After a disappointing loss in Week 2, Baltimore's defense bounced back, producing timely fourth-quarter turnovers that sealed Sunday's victory over New England.
Top draft pick Kyle Hamilton made a heads-up play, stripping the ball away from Nelson Agholor to force a fumble that was recovered by Marcus Peters. Marlon Humphrey had a fourth-quarter interception, then Peters sealed the 37-26 victory with another pick.
It was a major response by a Baltimore defense that was forced to do some soul-searching after giving up 28 points in the fourth quarter in Week 2 against the Miami Dolphins and squandering a 21-point fourth-quarter lead. But with the game on the line against New England, the Ravens' defense took charge with takeaways.
Inside linebacker Josh Bynes, who also had an interception in the second half, said the defense tuned out all the criticism after last week and just focused on doing its job.
"For us, it was just making sure we fight to the end, to make sure we finish the right way," Bynes said. "We wanted to give the ball back to the offense as much as possible. It's about overcoming adversity. This league, and this business, is all about adversity and how you overcome it. You can't let last week get to you, otherwise it's going to take you down. I think the guys did a really good job just taking this week as it is."
Humphrey had the first interception of the fourth quarter, chasing down an errant throw by quarterback Mac Jones in the corner of the end zone. It was a poor decision by Jones on third-and-goal, as he threw the ball up for grabs after being pressured by Baltimore's blitz. Instead of making sure he threw the ball out of play, Jones gave Humphrey a chance to make a play and he didn't squander it.
"It was tough last week knowing our offense scored that many points and in the fourth quarter, the defense just could not get a stop - touchdown after touchdown after touchdown," Humphrey said. "For us to have these big plays at the end, it's huge. It's a confidence boost and a pride thing that we can be this defense."
Then Hamilton made perhaps the biggest defensive play of the game, permanently changing the momentum in Baltimore's favor. The Ravens were still clinging to a 31-26 lead when Jones connected with Nelson Agholor on a crossing pattern that sent Agholor running down the middle of the field for a potential big gain.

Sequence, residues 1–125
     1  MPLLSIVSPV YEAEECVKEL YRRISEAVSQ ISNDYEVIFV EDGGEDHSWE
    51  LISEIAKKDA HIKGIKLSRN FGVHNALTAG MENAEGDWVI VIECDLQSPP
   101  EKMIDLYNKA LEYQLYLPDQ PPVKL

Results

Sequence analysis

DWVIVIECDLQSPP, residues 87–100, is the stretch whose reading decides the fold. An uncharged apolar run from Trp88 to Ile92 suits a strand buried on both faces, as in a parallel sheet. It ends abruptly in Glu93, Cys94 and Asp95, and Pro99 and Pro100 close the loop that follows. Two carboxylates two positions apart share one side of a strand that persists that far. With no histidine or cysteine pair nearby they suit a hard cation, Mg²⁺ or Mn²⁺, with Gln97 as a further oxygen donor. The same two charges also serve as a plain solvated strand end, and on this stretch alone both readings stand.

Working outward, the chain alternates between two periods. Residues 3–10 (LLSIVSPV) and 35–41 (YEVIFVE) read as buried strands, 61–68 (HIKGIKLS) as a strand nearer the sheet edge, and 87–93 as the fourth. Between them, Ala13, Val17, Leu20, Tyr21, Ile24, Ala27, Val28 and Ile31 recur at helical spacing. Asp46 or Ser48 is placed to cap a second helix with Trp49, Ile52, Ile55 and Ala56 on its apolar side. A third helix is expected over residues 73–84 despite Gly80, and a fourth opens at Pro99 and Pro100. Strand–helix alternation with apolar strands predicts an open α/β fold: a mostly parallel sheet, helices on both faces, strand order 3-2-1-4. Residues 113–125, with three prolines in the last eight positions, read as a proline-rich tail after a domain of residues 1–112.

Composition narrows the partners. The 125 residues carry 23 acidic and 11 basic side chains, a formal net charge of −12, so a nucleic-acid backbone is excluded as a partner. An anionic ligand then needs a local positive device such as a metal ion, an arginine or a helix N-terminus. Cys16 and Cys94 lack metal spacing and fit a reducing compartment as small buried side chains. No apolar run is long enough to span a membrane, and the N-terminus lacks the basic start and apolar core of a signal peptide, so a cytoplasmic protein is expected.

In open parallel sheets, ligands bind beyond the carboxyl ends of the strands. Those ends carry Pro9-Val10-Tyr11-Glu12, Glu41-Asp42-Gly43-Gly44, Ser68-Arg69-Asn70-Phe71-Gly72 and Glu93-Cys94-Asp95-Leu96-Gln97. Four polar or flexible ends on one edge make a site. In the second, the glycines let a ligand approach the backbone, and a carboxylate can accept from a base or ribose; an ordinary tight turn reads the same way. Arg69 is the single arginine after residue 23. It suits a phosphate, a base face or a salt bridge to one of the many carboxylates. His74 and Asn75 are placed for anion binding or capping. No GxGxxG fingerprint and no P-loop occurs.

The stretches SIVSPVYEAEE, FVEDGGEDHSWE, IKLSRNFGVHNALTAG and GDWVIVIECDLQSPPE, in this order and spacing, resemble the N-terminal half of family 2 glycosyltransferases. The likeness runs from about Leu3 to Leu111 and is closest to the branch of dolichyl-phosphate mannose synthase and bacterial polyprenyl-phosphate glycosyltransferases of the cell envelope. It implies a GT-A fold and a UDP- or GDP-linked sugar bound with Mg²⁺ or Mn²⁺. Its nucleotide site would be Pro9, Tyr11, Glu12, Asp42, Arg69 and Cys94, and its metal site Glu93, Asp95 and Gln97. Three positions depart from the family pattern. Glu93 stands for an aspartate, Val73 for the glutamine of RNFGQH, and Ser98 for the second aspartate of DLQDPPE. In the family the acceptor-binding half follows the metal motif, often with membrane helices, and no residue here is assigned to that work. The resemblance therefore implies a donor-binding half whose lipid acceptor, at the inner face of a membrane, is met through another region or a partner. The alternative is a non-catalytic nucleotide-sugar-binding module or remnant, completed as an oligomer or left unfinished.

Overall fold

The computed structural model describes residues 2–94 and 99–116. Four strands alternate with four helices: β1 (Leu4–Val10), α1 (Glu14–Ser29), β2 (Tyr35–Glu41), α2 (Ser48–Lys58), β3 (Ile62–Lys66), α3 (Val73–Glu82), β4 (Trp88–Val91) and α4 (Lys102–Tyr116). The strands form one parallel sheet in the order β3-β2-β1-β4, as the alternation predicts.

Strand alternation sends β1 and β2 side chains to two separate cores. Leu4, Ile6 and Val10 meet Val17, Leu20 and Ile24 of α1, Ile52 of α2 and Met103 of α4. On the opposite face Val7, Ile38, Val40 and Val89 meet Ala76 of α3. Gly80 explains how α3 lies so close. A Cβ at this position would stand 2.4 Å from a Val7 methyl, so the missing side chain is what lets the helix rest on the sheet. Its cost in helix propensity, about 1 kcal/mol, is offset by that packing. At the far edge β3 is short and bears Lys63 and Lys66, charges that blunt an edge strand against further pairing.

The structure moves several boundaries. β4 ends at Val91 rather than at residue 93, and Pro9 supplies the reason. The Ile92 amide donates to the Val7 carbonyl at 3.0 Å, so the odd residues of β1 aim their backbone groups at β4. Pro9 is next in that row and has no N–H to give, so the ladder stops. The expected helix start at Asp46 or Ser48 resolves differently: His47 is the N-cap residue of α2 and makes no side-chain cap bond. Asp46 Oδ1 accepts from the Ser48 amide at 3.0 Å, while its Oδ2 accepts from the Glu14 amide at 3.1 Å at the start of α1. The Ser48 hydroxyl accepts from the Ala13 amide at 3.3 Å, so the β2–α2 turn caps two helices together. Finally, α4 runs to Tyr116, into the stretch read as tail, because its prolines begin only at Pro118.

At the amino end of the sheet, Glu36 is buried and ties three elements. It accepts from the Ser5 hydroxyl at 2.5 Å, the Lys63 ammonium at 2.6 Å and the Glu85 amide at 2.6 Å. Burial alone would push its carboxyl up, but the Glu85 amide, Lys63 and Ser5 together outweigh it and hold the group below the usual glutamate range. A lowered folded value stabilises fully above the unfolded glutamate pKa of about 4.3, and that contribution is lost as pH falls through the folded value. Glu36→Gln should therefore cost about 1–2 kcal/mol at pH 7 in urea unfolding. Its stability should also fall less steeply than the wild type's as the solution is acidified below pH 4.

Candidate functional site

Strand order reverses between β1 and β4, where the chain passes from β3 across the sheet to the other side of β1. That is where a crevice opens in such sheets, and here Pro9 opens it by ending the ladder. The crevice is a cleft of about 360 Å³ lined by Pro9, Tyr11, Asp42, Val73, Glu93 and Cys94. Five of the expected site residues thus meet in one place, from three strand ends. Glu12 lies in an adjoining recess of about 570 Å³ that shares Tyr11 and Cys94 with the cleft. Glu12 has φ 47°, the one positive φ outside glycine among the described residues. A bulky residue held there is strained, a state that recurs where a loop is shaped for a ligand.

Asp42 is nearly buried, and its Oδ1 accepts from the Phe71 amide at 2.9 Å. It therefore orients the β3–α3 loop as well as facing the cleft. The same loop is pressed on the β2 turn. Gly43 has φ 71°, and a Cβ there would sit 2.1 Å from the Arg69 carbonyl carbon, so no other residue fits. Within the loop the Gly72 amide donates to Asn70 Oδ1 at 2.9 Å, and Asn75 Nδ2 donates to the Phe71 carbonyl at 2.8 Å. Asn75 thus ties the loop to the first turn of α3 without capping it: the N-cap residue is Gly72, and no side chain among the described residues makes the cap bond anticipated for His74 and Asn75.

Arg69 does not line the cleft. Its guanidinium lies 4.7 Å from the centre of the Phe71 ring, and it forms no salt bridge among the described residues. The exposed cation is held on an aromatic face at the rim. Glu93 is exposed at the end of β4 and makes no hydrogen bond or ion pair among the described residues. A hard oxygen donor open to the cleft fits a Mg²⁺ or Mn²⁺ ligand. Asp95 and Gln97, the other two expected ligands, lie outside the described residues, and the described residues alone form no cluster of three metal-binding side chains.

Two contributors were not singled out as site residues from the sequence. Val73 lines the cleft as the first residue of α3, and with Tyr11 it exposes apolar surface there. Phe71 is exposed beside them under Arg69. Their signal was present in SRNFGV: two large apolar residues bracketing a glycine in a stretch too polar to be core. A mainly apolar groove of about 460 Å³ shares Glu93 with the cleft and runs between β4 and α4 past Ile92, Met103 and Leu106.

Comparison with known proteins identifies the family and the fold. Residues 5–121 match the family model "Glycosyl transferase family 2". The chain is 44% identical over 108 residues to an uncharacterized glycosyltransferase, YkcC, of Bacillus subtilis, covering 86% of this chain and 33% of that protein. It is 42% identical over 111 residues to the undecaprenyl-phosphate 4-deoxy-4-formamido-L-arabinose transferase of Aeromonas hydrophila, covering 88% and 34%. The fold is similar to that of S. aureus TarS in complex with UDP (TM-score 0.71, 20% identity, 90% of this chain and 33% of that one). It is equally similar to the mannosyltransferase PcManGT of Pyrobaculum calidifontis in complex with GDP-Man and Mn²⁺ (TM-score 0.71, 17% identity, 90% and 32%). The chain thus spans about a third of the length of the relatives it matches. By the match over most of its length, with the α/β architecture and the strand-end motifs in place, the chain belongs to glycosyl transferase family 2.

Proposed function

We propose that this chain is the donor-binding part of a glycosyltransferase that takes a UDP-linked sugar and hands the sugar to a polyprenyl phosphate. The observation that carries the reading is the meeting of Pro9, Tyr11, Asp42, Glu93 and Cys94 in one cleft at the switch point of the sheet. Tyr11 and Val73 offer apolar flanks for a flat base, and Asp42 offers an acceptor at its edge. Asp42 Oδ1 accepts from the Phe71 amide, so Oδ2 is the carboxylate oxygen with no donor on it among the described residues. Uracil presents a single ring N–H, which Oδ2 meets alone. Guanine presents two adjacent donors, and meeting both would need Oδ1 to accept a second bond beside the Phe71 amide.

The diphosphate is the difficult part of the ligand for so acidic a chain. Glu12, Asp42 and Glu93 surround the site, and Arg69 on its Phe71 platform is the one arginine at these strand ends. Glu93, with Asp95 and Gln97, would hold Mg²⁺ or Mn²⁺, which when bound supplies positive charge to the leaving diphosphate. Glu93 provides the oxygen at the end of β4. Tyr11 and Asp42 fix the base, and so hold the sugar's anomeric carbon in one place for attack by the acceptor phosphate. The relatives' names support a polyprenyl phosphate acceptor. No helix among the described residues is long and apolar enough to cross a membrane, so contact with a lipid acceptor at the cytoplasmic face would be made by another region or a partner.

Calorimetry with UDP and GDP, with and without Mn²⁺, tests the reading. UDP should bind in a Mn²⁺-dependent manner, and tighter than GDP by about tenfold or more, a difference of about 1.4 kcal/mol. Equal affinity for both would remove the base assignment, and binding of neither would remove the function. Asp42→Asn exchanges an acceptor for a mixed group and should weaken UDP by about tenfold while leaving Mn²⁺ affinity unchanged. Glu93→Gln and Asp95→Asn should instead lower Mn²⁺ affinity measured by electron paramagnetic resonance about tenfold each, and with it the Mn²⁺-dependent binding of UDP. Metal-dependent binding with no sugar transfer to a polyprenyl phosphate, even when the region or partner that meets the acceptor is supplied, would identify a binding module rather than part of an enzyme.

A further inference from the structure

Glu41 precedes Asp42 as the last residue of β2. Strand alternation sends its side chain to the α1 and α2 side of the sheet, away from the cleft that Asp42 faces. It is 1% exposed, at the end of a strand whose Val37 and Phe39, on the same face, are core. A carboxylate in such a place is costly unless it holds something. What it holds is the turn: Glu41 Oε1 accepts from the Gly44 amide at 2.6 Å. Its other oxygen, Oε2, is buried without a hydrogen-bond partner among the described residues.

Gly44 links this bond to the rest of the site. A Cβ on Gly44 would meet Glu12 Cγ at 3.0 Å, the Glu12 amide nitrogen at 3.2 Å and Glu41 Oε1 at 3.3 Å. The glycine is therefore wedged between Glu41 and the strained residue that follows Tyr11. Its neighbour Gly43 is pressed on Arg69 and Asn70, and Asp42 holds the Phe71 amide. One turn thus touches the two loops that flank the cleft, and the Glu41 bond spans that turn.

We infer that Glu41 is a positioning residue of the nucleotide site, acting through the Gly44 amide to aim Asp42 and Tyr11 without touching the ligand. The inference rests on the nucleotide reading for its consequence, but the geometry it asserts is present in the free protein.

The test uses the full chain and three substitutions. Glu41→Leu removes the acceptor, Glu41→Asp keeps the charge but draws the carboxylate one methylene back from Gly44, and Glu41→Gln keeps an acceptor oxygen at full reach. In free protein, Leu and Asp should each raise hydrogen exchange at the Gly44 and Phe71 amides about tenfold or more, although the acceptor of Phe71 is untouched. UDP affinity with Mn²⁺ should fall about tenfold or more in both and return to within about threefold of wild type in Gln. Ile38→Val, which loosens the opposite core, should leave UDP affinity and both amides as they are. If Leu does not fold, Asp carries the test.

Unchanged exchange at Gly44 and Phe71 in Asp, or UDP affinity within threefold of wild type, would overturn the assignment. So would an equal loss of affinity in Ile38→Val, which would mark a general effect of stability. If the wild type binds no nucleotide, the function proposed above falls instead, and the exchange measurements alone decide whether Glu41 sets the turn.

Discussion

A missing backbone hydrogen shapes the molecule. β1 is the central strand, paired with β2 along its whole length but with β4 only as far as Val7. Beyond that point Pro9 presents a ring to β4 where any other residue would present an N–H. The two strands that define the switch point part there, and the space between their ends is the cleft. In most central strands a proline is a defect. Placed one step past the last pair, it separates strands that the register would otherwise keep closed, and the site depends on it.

However, Hamilton showed presence of mind and hustle by chasing Agholor and punching the ball from his grasp. As the ball rolled toward the sideline, Peters made the recovery at Baltimore's 27-yard line, giving the football back to the Ravens with just over 5 ½ minutes left to play.
Forcing a turnover at a key moment should serve as a confidence boost to Hamilton, the 14th-overall pick, who bounced back from a disappointing performance against the Dolphins.
"Kyle Hamilton with the effort play, knocks the ball out, Marcus Peters with the unbelievable recovery on the sideline of the fumble," Head Coach John Harbaugh said. "Those are plays -- they're just great football plays."
"He's a young guy and he wants to make plays, because he knows he's gifted," veteran defensive lineman Calais Campbell said. "I think this one feels good because you can get that monkey off your back and get that first big play that was huge."
That play set up the Ravens' final touchdown drive, a 75-yard march that gave Baltimore an 11-point lead. Now the Patriots had no choice but to throw, and under duress, Jones threw another errant pass that was picked off by Peters, the three-time Pro Bowl cornerback whose 32 career interceptions are the NFL's most since he entered the league in 2015. In his second game back from last year's knee injury, Peters nabbed two takeaways.
Peters, Humphrey and Hamilton continued to show that the Ravens' secondary has the ability to produce turnovers that can swing games in Baltimore's favor. The Ravens couldn't afford to lose another fourth-quarter lead after their demise in Week 2, and this time the defense made sure the outcome was in their favor.
"There is no better (seed) than adversity," Harbaugh said. "Every defeat, every heartbreak, every loss contains its own seed, its lesson on how to improve your performance next time. That's Malcolm X. That's the lesson to me."